The family spent thousands of dollars more for transportation to Moscow and on to Bryansk, located 380 kilometers southwest of the capital.

When Kendrick’s son and wife, Ramona, arrived in Bryansk, they were told that doctors knew he had suffered brain injuries but were unsure to what extent.

“The thing that was a surprise to us was that it’s a pretty big hospital there in Bryansk, but to get his CAT scans done they had to put him in an ambulance and bring him somewhere else,” Pete Kendrick said.

Because of his critical condition, Kendrick was transferred to the American Medical Center in Moscow nearly a week later.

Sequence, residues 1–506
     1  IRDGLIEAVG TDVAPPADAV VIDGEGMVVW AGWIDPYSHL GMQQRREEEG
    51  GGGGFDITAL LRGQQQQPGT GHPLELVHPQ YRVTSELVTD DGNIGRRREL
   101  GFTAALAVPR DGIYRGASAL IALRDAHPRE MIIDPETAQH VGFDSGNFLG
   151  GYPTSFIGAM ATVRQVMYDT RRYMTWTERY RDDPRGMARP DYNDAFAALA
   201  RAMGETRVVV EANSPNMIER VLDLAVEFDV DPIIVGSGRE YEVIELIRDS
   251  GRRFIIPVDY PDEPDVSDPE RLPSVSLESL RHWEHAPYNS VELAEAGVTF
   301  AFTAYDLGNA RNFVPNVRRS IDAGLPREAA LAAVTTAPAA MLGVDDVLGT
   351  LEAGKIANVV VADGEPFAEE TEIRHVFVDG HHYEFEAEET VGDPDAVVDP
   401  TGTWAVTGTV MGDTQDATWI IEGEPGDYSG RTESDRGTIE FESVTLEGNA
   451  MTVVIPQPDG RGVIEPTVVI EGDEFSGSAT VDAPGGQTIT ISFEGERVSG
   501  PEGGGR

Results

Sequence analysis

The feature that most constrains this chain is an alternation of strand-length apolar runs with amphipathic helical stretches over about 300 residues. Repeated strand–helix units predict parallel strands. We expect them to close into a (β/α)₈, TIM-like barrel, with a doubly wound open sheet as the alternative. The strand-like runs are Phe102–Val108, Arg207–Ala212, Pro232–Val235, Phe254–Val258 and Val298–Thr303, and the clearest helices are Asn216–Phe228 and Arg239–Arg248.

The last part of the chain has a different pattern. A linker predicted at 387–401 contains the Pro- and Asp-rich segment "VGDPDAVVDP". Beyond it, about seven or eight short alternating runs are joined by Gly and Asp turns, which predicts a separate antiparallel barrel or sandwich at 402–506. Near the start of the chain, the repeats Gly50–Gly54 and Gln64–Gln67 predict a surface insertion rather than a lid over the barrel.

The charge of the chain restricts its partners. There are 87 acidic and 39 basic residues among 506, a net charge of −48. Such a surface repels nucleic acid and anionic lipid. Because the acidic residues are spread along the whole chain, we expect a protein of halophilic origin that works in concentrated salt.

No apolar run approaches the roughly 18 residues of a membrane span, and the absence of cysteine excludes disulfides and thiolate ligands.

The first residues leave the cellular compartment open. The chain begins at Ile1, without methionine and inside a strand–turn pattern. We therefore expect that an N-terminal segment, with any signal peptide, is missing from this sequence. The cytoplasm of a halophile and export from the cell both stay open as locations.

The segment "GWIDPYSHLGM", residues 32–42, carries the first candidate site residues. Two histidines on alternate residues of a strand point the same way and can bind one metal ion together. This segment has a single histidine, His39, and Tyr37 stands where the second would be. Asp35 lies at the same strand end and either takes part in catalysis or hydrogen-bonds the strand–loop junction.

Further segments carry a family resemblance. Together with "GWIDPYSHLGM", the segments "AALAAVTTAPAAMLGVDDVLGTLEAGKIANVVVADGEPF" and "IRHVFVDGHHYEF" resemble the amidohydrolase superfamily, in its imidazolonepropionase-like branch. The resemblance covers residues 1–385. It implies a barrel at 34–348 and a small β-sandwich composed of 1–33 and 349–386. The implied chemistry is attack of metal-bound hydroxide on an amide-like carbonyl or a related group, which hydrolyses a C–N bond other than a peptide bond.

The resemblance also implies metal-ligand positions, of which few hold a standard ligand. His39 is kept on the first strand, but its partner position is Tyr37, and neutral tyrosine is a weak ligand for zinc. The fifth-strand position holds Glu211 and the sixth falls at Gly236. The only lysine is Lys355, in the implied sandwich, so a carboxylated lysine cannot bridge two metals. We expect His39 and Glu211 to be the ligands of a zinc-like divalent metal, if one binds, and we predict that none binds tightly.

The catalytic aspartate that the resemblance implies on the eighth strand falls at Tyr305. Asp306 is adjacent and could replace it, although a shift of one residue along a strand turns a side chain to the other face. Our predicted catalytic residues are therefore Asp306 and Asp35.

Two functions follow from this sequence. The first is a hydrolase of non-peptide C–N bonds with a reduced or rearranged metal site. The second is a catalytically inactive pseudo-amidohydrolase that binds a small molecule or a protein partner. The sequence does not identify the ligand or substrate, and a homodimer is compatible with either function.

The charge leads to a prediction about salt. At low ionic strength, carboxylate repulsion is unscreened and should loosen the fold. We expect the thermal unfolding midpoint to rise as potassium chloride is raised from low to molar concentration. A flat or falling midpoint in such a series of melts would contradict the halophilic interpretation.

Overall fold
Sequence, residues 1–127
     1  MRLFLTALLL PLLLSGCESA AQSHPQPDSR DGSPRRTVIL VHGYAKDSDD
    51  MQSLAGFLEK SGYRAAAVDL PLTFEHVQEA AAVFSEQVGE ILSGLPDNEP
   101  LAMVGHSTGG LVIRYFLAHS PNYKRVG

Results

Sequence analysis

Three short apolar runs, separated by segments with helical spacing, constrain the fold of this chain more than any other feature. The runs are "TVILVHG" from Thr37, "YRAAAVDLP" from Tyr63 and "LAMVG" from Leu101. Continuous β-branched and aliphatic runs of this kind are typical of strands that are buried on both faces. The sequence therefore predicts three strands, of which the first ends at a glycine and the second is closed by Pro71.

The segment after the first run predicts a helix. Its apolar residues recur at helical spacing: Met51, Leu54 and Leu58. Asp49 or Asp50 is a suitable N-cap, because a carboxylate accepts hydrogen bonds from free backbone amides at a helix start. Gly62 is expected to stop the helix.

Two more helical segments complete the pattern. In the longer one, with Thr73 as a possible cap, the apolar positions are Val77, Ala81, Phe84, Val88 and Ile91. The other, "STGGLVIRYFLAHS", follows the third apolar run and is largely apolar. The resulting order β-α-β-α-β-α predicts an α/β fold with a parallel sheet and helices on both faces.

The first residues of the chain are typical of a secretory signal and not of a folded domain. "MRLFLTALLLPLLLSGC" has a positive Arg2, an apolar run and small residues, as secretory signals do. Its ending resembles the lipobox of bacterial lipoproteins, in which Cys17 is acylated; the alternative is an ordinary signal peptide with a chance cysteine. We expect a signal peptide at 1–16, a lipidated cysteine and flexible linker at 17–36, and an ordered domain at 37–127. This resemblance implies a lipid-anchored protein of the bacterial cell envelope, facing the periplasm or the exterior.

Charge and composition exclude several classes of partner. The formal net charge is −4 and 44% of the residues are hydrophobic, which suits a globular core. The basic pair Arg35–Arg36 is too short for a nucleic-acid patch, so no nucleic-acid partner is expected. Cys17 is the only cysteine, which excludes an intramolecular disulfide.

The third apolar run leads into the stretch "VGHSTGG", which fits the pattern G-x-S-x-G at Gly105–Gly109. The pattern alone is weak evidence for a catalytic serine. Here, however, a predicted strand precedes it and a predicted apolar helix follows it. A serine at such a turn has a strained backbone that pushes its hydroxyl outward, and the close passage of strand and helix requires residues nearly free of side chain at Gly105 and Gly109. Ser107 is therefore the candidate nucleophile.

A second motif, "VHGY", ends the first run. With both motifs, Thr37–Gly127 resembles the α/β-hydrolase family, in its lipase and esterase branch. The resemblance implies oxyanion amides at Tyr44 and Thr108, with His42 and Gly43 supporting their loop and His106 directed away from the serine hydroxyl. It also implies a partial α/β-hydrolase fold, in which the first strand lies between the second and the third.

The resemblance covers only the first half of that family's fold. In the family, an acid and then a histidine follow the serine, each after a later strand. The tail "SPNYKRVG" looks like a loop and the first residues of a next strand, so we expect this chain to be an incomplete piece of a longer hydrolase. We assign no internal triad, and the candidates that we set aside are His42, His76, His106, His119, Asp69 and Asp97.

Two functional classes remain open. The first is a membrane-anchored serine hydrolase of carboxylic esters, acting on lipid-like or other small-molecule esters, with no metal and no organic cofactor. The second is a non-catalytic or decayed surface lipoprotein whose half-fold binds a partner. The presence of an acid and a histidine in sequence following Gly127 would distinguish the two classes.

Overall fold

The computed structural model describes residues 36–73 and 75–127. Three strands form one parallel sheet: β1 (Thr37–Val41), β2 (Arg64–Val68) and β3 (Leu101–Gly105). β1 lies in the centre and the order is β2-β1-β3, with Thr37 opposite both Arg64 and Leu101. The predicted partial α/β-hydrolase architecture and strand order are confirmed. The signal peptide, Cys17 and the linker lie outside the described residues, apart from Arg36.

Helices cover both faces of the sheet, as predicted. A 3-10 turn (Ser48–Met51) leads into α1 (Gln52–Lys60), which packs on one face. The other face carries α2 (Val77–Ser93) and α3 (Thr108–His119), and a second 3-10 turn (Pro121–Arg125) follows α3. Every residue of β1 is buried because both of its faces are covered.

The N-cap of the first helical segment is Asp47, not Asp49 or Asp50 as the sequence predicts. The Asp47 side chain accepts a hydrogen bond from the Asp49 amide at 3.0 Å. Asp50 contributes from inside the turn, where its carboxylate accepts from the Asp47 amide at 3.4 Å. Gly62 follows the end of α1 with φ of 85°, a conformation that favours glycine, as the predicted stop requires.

“Moscow’s kind of a big bear to navigate without any help,” the son said.

He and his mother began making arrangements to have Kendrick flown by air ambulance back to Lexington. With the flight costing $150,000, Kendrick’s wife put their home up for sale.

Unexpectedly, their travel-insurance company agreed to cover 50 percent of the airlift, leaving $75,000 to raise, Pete Kendrick said.

In a twist of fate, the family of a U.S. patient in Italy who had ordered an air ambulance no longer needed it after their loved one died. Not wanting to lose the money they had paid, they donated the flight to the Kendricks.

With the flight booked, the doctors began to worry whether Kendrick would survive the trip without undergoing brain surgery first. After a few days of tests, they agreed to let Kendrick fly without an operation.

When he finally arrived back in Kentucky on June 23 — 17 days after the accident — he was rushed to the University of Kentucky’s Chandler Medical Center and placed in intensive care. He died on July 2, never recovering consciousness.